'Speak' Makes Its Story Heard

Mr. Freeman (Steve Zahn) and Melinda (Kristen Stewart) admire the art

It's rare to find a film that accurately captures the uncertainty and alienation of the first weeks of high school, the desire for communication and companionship or the extraordinary difficulty of speaking up when everyone else is against you. For a film to accomplish any one of these things without devolving into melodrama or after-school special self parody is an unusual event, yet Jessica Sharzer's "Speak" manages to weave all three together into a poignant and inspiring narrative. Based on Laurie Halsh Anderson's award-winning young adult novel, "Speak" is the story of a smart and loving high school girl who has become silent and withdrawn in the wake a traumatic incident, struggling to face the past so she can go on with her future.

In the aftermath of an incident at a party near the end of junior high, Melinda Sordino (Kristen Stewart) finds herself entering high school with the scars of her trauma still fresh in her mind, a school set against her by rumors of what took place and no friends to support her. Unable to confide in her parents or anyone else, Melinda becomes largely silent, drifting through the miasma of freshman year hoping to escape notice. Hiding beside the inane chatter of new girl Heather (Allison Siko) - one of the few students who doesn't know Melinda's history - and escaping to a deserted storage closet the rest of the time, Melinda attempts to fade into the background.

But when Mr. Freeman, the unorthodox and authority flouting art teacher (Steve Zahn), helps her find an outlet through her artwork, Melinda begins to express herself again. As the memories of the party continue to haunt her, Melinda finds her voice through art, and as history threatens to repeat itself with one of her former friends, Melinda must finally dig down and find the courage to break her silence. By speaking out and facing the truth of her past, Melinda is finally able to return to the self she'd left behind. In the telling, the incident becomes word, a problem that can now be dealt with rather than a nightmare whose blame had fallen to the victim.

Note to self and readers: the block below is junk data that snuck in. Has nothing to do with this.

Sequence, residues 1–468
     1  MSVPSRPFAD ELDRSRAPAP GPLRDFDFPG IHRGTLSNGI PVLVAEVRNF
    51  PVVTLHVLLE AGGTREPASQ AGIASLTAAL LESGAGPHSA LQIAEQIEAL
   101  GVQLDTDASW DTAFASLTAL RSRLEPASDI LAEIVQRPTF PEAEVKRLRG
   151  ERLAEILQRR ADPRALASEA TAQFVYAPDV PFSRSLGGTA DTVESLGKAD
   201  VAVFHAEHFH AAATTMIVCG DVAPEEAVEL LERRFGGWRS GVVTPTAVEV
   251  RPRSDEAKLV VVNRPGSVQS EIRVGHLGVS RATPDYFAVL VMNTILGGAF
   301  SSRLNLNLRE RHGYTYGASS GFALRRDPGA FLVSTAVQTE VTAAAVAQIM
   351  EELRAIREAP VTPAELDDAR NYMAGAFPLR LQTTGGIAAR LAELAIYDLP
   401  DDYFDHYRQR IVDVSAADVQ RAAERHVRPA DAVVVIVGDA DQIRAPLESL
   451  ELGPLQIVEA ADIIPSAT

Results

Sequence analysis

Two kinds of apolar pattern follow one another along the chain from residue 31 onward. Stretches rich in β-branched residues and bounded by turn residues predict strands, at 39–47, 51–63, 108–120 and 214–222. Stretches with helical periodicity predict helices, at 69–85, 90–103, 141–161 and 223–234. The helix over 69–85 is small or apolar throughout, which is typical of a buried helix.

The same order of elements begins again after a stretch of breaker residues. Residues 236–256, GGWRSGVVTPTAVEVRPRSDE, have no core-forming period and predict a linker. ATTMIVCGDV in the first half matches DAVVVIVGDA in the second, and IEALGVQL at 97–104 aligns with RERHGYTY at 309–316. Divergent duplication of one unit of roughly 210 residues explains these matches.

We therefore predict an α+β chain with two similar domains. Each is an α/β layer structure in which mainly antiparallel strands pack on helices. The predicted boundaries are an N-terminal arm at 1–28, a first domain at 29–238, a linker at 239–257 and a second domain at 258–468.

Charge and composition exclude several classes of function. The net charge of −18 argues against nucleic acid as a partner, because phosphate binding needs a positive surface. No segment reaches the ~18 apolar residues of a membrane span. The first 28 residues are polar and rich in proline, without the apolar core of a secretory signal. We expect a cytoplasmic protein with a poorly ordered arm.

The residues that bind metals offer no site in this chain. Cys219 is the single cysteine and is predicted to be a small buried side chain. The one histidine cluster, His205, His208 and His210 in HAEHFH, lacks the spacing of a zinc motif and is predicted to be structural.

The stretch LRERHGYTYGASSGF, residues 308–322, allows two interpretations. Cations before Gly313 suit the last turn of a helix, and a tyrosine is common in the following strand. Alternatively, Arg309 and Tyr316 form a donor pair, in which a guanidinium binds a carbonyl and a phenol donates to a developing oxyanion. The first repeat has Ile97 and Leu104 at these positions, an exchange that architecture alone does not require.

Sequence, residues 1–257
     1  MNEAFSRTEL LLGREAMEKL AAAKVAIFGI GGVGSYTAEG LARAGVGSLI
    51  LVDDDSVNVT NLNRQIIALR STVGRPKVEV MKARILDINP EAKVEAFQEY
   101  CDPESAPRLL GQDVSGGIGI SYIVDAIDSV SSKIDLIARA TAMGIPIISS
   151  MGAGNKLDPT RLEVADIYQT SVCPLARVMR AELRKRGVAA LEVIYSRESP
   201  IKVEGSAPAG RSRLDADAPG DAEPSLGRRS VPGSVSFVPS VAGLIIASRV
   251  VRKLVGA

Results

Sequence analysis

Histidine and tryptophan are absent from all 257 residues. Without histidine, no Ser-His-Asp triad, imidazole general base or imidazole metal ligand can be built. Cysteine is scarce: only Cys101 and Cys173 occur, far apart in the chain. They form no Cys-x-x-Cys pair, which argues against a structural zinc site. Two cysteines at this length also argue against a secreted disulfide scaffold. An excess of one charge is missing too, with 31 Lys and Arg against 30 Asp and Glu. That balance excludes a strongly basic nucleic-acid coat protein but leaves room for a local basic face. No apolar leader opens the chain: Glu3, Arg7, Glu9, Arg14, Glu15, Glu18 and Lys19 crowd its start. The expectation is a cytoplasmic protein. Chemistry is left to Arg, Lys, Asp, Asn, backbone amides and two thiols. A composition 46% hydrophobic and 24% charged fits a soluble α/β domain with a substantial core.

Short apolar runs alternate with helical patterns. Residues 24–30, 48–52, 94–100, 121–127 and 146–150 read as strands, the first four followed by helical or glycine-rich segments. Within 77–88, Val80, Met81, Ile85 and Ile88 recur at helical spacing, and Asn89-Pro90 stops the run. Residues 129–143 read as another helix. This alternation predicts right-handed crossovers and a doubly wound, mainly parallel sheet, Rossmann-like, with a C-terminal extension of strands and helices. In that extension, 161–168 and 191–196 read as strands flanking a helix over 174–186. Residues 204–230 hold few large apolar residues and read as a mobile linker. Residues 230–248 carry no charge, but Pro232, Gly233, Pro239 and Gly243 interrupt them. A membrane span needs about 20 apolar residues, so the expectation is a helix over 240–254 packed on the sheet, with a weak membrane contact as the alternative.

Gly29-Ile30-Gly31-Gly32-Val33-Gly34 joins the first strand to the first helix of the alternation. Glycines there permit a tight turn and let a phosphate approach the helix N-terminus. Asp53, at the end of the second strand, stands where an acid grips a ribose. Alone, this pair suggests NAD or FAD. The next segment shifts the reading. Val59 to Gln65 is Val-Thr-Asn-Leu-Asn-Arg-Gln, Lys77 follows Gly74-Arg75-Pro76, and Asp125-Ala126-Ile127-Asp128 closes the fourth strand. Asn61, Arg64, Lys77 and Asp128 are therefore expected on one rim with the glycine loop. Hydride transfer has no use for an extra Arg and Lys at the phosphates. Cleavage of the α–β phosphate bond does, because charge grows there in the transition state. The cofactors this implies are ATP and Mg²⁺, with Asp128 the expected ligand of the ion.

Melinda lost in thought

In her feature debut, Ms. Sharzer has crafted a brilliant adaptation of novel that some may have deemed impossible to put down on celluloid. Working with a protagonist who's silent throughout much of the film, Ms. Sharzer keeps the film moving by incorporating flashbacks of the fateful night, letting us gradually realize what Melinda has gone through as the incident unfolds piece by piece. Woven seamlessly into the narrative, the flashbacks are a glimpse of Melinda's memories, assailing us with the images that haunt her. As each new piece of the night's puzzle is revealed, Melinda's lapses into silence speak volumes, her distant gaze telling of things that she cannot bring herself to put into words.     

Many adult actors can only dream of being able to convey such depth of character without saying a word, but Ms. Stewart completely inhabits Melinda with a quiet ease. Through subtle shifts in expression or body language, she gives voice to Melinda with rarely a sound. From the charming, vivacious girl at the party to the shell Melinda had become to her eventual re-emergence, Ms. Stewart embodies each facet of her character with equal aplomb, quietly turning in a star-making performance. Mr. Zahn also seems to have found his niche, putting a serious face on his usual antics and toning them down just enough to convey responsibility without losing the good natured rebelliousness that makes him endearing.    

The humanity of its characters is one of the reasons "Speak" works so well. Fleshed out by solid performances and intuitive writing, they feel like regular people, facing many of the same insecurities and adolescent torments we all went through. We can genuinely connect with these characters, making their struggles even more affecting. The film enables us to understand the trauma of Melinda's experience and her desire to put it behind her - her wish to forget. But to forget is to back down, to open the door for history to repeat itself - as her former friend's endangerment makes painfully clear - and sometimes one has to take a stand. "Speak" is about finding that voice inside us - breaking the silence that too often binds us and conquering our fear.     

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